7. That portion of the Potomac River which passes under Span 10 of the above-mentioned Center Highway Bridge constitutes part of the navigable waters of the United States.

 8. The passage under Span 10 is approximately 133 feet wide. The defendant's barge, approximately 93 feet long and moored lengthwise, was set back several feet from the edge of the pier ends and under the overhead roadway.

 9. The barge was moored in this location to await the commencement of work under Span 10 which was scheduled to begin September 8, 1970, after the Labor Day weekend.

 10. The defendant had equipped the barge with four yellow flashing road warning lights, one in each corner. The Court finds that these lights were operating at the time of the collision and constituted the only illumination of the barge.

 11. On the night of September 4, 1970, plaintiff Petersen operated his boat upstream on the Potomac on a course just to the right of the marked portion of the channel. Plaintiff Schickram accompanied him seated to his left. The night was clear with excellent visibility.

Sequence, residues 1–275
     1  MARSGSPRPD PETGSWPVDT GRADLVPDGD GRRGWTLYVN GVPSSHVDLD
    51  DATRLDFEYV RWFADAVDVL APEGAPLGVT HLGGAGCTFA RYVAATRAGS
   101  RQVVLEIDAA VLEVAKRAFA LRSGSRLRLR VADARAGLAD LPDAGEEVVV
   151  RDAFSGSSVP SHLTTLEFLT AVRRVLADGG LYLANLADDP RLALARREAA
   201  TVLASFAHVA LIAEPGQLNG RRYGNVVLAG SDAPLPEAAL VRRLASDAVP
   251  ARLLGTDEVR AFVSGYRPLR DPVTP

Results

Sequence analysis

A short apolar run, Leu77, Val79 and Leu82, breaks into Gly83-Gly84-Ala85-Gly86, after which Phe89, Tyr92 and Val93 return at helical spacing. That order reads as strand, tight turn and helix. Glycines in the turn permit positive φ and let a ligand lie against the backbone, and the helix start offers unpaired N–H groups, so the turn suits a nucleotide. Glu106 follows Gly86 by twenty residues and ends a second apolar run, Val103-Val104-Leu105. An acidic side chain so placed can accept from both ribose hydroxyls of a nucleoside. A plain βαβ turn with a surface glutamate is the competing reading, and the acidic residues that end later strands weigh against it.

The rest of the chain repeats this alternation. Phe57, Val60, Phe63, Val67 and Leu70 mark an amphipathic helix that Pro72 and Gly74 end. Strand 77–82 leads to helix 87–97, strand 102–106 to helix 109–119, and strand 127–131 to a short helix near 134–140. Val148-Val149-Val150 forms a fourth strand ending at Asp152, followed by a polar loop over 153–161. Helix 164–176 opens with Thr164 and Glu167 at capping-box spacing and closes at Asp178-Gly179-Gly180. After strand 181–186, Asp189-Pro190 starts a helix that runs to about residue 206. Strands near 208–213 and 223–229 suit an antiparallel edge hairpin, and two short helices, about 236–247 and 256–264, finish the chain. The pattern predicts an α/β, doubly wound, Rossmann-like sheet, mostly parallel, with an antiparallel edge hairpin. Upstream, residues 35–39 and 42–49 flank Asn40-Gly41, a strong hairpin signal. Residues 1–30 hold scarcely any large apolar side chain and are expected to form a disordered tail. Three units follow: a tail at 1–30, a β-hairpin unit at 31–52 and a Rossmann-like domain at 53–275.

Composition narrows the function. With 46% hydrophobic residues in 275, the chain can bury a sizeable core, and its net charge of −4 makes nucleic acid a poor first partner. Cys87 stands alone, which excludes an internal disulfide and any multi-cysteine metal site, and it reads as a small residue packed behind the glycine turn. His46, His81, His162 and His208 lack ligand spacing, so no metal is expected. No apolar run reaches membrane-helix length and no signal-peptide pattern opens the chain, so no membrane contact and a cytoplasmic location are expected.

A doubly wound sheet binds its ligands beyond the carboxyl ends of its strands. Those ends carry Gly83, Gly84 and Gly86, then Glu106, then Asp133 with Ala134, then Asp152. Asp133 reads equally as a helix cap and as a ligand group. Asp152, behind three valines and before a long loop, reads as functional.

12. Upon approaching the bridges in the 14th Street area at approximately 10:00 p.m., Petersen cut his throttle to half speed or about 15 miles per hour. The plaintiff passed under the two bridges downstream to the Center Highway Bridge without incident. Petersen then approached the Center Highway Bridge to the right of the middle of Span 10.

 13. At the last instant before impact, plaintiff Petersen noticed the presence of defendant's barge obstructing the passage under Span 10. The Petersen boat then struck the barge head-on and the impact rendered both Petersen and Schickram unconscious.


 14. As noted above, the speed of Petersen's boat was fifteen miles per hour immediately prior to collision and the Court finds that this speed was excessive and immoderate due to the conditions of darkness, harsh shadows under the bridge, the construction area and possible debris in the Potomac River, all of which conditions were known or should have been known to the plaintiff Petersen prior to the collision.

 15. The Court also finds that plaintiff Petersen failed to keep a proper and efficient lookout in an area where conditions of darkness, shadows and construction were known or should have been known to exist.